Apple engages in cost arbitrage to a great degree, providing an object lesson in America Inc’s complicity in America’s relative decline. But do they also distort the balance of trade?
The iPhone object lesson
Apple makes a useful case study of what has been happening, as the same formula Apple applies is used by most of America Inc where a global supply chain is involved. Indeed, branded goods companies do something similar, as the emerging scandal on how Mondelez has avoided paying any tax on its Cadbury’s profits for a decade illustrates.
Take the case of Apple and its world-beating iPhone. It is mostly sourced from a China-based contract manufacturer, Foxconn. Like many of America Inc’s Chinabased suppliers, Foxconn is a foreign-owned subsidiary operating in China, Foxconn being a subsidiary of Taiwan’s Honhai.
Apple buys a single iPhone X from Foxconn for about US$370. It retails in the US for US$999. For sales made in the US, some 38% of Apple’s revenue, the lion’s share of the US$629 uplift, accrues to Apple as profit. More importantly for the trade debate, this US$629 does not appear in US trade statistics.
For the 62% of Apple’s sales made outside the US – and specifically for those profits generated outside the US – these uplift numbers do appear in the broader trade statistics but not in the trade account. Mostly, they appear as profit (or ‘royalties’) earned in the income section of the current account.
For sales made outside the US, the iPhone X would typically be bought by an offshore entity, often based in Luxembourg, the Netherlands and especially Ireland for Europe-destined product (22% of global revenues) and for product intended for elsewhere (Japan 10%, rest of world 12%). For Chinese sales (18%), the routing is more direct but the profit uplift broadly the same. End prices vary widely with the lowest being US$994 in Japan. Europe is composed of higher priced markets: Hungary US$1455, Italy US$1400, Russia US$1390, Norway US$1375, Germany US$1353. Other notable markets include China US$1267 and India US$1268.
Source: Quartz, 2018
Profit-shifting shell game
Typically, the phone is sold into a market, firstly, to recover the ‘Foxconn cost’ – US$370 per unit – and, secondly, to cover other Apple-specific costs, most notably what is classified as intellectual property payments in the form of royalties. While these are classified as a cost to a foreign entity, say Apple Ireland Ltd, they are booked as a profit to Apple USA Inc. In other words, after the Foxconn cost is recouped, the parent company Apple takes most of the balance of the price for its own account as profit. But little profit is generated in the market in which the product is sold or indeed made.
The European Commission under Margrethe Vestager, the European competition commissioner, has grown wise to Apple’s shell game with the result that the figures and ratios that follow below will not be the same moving forward. The tax ‘shell game’ is played so aggressively by US Big Tech that the EU is considering introducing a revenue-based tax of between 2% and 6%.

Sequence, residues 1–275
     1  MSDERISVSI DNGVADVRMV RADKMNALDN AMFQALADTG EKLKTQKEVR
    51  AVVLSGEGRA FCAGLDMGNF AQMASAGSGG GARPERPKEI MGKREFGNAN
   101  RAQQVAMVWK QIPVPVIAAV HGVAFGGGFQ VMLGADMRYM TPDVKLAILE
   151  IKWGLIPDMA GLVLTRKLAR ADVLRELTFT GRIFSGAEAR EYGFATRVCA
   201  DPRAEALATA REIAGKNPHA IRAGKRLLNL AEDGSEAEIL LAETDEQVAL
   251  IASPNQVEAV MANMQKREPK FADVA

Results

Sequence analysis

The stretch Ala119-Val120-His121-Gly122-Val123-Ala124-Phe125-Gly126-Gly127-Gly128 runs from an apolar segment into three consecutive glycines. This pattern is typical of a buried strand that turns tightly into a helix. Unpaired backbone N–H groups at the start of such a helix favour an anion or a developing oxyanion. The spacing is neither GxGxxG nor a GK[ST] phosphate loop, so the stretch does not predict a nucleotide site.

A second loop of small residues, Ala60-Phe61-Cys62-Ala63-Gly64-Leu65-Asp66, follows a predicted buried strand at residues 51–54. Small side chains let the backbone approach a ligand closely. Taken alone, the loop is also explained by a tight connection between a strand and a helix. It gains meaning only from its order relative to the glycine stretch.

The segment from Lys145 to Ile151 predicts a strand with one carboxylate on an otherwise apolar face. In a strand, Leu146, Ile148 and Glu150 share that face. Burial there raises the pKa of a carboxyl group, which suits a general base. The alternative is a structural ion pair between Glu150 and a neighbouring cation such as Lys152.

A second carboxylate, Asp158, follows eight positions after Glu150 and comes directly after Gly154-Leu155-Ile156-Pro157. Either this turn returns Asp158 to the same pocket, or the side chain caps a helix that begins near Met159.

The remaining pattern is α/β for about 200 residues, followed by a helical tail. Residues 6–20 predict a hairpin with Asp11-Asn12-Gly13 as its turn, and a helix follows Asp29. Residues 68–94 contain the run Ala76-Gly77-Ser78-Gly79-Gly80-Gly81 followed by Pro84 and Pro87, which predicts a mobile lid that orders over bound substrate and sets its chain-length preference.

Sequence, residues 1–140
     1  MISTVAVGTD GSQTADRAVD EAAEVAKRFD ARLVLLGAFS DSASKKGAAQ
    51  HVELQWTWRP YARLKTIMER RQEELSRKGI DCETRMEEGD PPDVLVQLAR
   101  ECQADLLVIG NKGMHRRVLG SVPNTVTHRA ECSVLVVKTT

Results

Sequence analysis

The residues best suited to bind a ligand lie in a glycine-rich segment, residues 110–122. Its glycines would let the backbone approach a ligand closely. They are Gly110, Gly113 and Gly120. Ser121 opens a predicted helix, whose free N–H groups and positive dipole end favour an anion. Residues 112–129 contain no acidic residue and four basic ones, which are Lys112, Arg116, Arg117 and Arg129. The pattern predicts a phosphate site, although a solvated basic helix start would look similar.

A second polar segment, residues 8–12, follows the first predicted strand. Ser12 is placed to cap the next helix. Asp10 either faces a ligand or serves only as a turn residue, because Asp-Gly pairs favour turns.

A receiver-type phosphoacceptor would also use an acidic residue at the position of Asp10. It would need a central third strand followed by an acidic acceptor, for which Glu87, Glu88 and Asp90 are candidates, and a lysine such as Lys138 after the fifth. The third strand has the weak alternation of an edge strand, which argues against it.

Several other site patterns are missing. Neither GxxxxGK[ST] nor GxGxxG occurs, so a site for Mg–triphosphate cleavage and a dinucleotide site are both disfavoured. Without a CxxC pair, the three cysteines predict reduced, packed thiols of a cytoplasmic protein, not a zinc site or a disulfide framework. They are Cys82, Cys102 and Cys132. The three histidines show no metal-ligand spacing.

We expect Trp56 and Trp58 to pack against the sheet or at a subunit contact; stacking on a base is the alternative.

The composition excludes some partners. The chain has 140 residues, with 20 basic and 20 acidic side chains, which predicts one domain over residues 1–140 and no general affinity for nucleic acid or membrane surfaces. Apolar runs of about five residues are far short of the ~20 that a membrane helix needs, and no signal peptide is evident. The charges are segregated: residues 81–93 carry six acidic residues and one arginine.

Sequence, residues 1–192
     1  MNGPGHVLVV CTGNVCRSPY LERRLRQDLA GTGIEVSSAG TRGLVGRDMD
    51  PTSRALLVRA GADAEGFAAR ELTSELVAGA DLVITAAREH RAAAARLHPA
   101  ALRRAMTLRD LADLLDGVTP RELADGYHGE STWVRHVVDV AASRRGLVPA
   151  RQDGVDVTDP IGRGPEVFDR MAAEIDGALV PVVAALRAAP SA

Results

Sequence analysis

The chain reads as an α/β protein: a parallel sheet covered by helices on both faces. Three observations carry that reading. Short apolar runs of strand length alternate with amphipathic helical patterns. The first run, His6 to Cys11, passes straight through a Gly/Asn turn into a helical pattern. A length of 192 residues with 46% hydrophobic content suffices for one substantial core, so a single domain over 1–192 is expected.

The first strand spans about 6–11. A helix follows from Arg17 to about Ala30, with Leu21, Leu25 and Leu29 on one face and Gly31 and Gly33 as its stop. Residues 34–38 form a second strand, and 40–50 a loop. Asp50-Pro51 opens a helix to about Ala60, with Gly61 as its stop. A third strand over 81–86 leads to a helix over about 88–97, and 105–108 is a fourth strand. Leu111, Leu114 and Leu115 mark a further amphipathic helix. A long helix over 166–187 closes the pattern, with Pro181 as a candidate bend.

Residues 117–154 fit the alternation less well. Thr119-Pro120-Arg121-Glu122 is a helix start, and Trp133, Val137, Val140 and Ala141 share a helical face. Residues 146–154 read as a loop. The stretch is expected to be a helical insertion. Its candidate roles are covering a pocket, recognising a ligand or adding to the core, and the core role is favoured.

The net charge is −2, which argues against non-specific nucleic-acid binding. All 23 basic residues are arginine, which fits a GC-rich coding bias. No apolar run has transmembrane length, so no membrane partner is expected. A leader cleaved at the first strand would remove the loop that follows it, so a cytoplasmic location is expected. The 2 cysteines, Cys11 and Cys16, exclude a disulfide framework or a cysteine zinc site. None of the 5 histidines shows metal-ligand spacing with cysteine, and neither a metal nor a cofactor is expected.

What the European Commission has discovered highlights the scale of the profit shielding Apple has been undertaking. Their investigation showed that Apple paid between 1% in 2003 and 0.005% in 2014 on its European revenues. Apple is not alone. In 2016, Amazon had European sales of €21.6 billion but paid only €16.5m tax, 0.76% of revenues. In 2017, Amazon’s British subsidiary paid £1.7 million on revenues of £11.4 billion (0.01%) and even ‘profits’ of £72 million (0.6%).
Distorting the US trade picture
The point highlighted here, however, is not – at least in the first instance – to point out the methods US Big Tech deploys to shield its offshore profits from non-US tax jurisdictions, but rather to illustrate how this behaviour distorts the US trade picture, especially for a President focused on the trade account balance. Through the eyes of Donald Trump, the likes of Apple have a negative effect on the US trade figures because of its imports of iPhones and iPads from China to the US. President Trump either does not realise, or does not acknowledge that, at the current account level the trade practices of the Apples of America are, especially in key markets like Europe and Canada, much more positive for the US.
It's impossible to tell whether the offshore earnings of America Inc. plus the onshore profits arising because of the ability of America Inc. to harvest profits inside the US, as a result of profit-shifting to the US end of the supply chain, more than cancel out the trade account deficits arising from the importation of product from the likes of China, Japan and Mexico. The US runs bilateral surpluses not just on the income line of the current account, but most likely on the capital account as well.
What can be said to a high degree of certainty, however, is that because of the structures and distributions of these supply chains, more value add is created inside the US than out of it – even if some of that value-add accrues as a cash holding owned by America Inc. but actually held outside the US.
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